Figure 1: Sewer network
Many public works departments have specific locations for where utilities belong in the right of way. For instance, in Riverside County, water lines are to be located seven feet from the curb and storm drain lines seven feet from the center line. Have a design change in the roadway? Unfortunately, the location of the utilities don’t update with changes to the alignment.
It may not come as a surprise to you, but buildings sit on sites designed by civil engineers. If you are a civil designer you may be excused for not knowing this, as your civil design software doesn’t seem to know it, either. The main driving force in designing sites is mainly for the construction of buildings on the designed sites. I recently created a preliminary grading plan for a small subdivision project. Unfortunately, I messed up by putting a finished floor (FF) elevation on the plans, but was grading from that FF elevation instead of the pad elevation.
With a building object integrated into the product, my mistake could have been eliminated. I could have established the thickness of the pad in relation to the FF using the building pad object. Better yet, it would be great to import a Revit model of the buildings and pull the elevations from the model.
Handicap Ramps and Driveways
In the US, nearly every project requiring sidewalks requires handicap ramps to comply with the Americans with Disabilities Act (ADA). The ADA requires strict limits on the slopes that the ramps require. Driveways are also common occurrences for roadways. Both driveways and handicap ramps are absent in the Civil 3D product.
Figure 2: Modeled handicap ramp
A lack of a dedicated object makes illustrating a design troublesome. Figure 2 shows a handicap ramp I modeled using feature lines and a surface. The results are less than spectacular from a standpoint of illustrating how the finished product will look. Can you tell what surfacing is between the handicap ramp and the curb and gutter? Without a dedicated surface, showing the design takes a lot of work, creating boundaries and individual surface types.
Corridors appear to have received an outside share of development within Civil 3D. This is most likely due to Autodesk’s push to get Civil 3D accepted into the Department of Transportation in several US states. The user interface improvements have made the product easier to use. With the inclusion of Civil View in Autodesk’s civil software portfolio, showing a corridor design in Navisworks is easier.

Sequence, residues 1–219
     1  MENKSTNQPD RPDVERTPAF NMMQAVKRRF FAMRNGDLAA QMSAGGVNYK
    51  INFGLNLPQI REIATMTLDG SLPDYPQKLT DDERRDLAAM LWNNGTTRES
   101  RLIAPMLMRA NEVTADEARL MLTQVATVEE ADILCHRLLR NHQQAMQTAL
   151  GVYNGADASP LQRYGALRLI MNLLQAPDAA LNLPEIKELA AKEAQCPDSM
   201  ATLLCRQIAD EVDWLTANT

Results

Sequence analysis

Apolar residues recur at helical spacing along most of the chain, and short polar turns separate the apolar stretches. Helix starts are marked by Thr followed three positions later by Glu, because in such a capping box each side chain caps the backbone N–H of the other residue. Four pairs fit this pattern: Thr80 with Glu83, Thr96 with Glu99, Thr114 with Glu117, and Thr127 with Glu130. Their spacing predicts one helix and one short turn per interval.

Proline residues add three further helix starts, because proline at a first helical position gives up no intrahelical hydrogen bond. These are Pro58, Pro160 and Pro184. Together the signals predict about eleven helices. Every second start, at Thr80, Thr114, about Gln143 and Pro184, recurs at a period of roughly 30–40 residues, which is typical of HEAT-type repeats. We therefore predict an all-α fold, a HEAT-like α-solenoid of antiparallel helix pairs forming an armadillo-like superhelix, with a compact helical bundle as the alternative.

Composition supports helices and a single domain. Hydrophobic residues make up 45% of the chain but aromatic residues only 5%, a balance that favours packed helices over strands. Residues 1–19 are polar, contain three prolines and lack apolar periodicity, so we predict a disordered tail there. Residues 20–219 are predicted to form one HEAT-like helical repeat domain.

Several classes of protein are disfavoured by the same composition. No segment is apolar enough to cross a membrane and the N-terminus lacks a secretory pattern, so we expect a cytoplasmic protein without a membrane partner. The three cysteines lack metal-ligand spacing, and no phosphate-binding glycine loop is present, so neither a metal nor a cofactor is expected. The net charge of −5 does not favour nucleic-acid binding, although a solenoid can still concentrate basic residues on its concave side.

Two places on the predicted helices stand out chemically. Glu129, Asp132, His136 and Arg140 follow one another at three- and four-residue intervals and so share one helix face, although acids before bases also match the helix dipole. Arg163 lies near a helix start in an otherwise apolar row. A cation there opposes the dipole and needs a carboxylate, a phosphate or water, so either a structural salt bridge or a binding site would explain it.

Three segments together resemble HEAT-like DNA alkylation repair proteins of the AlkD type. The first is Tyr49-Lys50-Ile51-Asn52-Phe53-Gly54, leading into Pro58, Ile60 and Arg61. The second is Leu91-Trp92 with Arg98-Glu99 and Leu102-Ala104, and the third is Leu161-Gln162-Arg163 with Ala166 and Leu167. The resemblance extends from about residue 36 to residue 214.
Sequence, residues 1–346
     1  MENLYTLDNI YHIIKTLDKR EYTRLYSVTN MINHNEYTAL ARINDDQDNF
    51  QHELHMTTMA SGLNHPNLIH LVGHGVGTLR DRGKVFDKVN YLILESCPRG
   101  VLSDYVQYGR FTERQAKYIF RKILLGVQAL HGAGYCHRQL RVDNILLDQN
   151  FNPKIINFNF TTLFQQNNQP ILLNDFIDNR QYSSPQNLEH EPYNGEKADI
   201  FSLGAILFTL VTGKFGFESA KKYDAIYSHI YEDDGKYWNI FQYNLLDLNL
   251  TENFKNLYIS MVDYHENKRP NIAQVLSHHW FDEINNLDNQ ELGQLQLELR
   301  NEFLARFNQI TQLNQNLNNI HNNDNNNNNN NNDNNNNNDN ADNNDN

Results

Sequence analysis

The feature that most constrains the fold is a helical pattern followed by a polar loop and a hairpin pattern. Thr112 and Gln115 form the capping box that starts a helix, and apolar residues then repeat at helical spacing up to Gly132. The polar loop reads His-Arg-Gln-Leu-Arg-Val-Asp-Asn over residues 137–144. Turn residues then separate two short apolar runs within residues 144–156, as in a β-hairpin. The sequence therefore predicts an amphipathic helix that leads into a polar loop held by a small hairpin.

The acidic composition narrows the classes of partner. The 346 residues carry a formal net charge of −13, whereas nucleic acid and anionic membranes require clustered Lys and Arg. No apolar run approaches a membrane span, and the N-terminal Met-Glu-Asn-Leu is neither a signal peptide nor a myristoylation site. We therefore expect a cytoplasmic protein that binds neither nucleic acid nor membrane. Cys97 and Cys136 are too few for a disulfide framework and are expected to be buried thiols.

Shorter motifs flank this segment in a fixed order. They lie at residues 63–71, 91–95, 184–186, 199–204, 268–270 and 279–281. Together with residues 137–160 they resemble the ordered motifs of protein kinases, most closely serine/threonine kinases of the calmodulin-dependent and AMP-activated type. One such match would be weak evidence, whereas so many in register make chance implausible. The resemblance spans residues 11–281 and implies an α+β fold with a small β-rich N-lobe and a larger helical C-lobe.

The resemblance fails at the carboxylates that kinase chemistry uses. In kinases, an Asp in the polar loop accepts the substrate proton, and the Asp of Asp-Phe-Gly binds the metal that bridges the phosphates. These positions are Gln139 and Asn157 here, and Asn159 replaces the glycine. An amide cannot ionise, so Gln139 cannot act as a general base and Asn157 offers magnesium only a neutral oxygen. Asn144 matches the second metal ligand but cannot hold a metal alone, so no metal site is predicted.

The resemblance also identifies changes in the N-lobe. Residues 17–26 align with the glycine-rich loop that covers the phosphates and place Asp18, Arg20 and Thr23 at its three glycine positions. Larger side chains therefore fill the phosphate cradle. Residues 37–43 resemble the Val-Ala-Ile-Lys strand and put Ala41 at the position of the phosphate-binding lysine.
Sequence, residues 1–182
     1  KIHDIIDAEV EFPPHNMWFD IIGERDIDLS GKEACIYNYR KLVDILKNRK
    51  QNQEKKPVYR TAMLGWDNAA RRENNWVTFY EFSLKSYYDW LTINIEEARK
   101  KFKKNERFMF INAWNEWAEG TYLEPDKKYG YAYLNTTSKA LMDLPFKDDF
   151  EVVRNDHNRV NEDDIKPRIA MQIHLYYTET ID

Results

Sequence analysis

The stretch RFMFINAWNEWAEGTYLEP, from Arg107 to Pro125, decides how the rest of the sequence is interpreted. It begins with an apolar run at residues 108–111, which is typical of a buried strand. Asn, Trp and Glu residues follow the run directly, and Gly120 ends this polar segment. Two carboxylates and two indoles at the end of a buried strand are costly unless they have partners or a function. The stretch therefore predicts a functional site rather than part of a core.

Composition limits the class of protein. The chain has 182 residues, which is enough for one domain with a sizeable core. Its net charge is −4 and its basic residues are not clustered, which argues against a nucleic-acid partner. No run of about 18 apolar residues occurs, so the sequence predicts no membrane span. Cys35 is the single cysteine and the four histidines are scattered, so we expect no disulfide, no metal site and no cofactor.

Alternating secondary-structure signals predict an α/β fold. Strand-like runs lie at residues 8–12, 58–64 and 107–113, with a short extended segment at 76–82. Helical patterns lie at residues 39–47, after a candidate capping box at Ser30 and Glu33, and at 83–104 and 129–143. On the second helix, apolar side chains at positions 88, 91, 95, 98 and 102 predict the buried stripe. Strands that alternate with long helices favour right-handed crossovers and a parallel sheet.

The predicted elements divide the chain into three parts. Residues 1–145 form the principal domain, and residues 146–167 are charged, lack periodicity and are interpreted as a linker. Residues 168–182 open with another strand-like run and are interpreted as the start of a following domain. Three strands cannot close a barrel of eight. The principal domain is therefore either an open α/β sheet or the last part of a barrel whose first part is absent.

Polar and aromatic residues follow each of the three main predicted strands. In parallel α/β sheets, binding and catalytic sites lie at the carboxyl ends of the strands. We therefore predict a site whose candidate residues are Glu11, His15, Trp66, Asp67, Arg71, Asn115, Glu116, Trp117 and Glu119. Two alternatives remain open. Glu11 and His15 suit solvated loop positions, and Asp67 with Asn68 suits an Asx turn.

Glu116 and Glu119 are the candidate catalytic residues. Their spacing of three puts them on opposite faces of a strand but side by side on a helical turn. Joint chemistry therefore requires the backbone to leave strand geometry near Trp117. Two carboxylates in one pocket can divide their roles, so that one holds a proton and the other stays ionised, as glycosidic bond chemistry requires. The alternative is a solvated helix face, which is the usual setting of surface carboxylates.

Corridors are one of the few parts of Civil 3D that meet the promise of Building Information Modeling. Even so, one glaring omission exists. The profile is tied to the stations along an alignment rather than a geographic location. Any changes in the alignment results in the profile not reflecting the design intent. It’s rather frustrating seeing the demonstrations of the product and not being told that the changes are reflected in the profile. This is especially frustrating on long lengths of road on hilly terrain where the changes can cause the roadway to no longer balance.
Stormwater design has been greatly improved with the addition of Autodesk Storm and Sanitary Analysis (SSA) to the Civil 3D package. Built with the EPA-SWMM, it provides the ability to perform pollution removal analysis. As mentioned previously, this article the integration could be better integrated with the Civil 3D model. With EPA-SWMM it’s possible to model how pollutants will be conveyed through a project site.
SSA also provides a way to model both the hydrology and hydraulics of a site. A closer integration between Civil 3D and SSA is needed, but I don’t see that as being possible until Civil 3D enables modeling of required information such as surface type, coefficients, and flow direction to an inlet.
While Civil 3D is an exceptional improvement over Land Desktop, it falls far short of consideration as a BIM product. Many of the benefits of utilizing Civil 3D as a design tool are the improvements over the tools found in Land Desktop. 3D polyline tools have been replaced with feature lines, surfaces have been improved to be dynamic, and pipes are easier to use.
Unfortunately if we view Civil 3D as a BIM product, then we also have to call Land Desktop a BIM product because of the same tool sets available. I’m not quite sure if you can find many who would call Land Desktop a BIM product. If all that has been done is an incremental improvement over Land Desktop, I’d have to consider the civil software industry firmly in neutral.
Christopher Fugitt is a Civil Engineer and has spent the last eight years designing government projects as well as residential subdivisions. He now provides Civil Engineering and Civil 3D services at Civil Reminders. Christopher maintains and authors the Civil 3D Reminders blog at http://blog.Civil3DReminders.com/